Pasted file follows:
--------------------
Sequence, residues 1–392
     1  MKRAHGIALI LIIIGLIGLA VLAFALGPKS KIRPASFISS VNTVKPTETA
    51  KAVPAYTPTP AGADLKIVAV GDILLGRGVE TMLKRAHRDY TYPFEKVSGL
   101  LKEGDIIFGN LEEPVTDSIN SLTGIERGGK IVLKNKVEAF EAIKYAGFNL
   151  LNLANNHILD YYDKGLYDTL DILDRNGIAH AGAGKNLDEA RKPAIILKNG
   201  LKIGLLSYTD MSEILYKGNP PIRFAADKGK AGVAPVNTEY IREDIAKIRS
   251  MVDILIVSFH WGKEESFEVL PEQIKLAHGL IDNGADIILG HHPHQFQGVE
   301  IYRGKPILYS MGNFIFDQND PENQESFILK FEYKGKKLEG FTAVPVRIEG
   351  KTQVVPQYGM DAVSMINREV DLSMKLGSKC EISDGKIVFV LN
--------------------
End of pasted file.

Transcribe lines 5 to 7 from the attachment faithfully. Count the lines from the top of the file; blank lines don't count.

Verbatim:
   151  LNLANNHILD YYDKGLYDTL DILDRNGIAH AGAGKNLDEA RKPAIILKNG
   201  LKIGLLSYTD MSEILYKGNP PIRFAADKGK AGVAPVNTEY IREDIAKIRS
   251  MVDILIVSFH WGKEESFEVL PEQIKLAHGL IDNGADIILG HHPHQFQGVE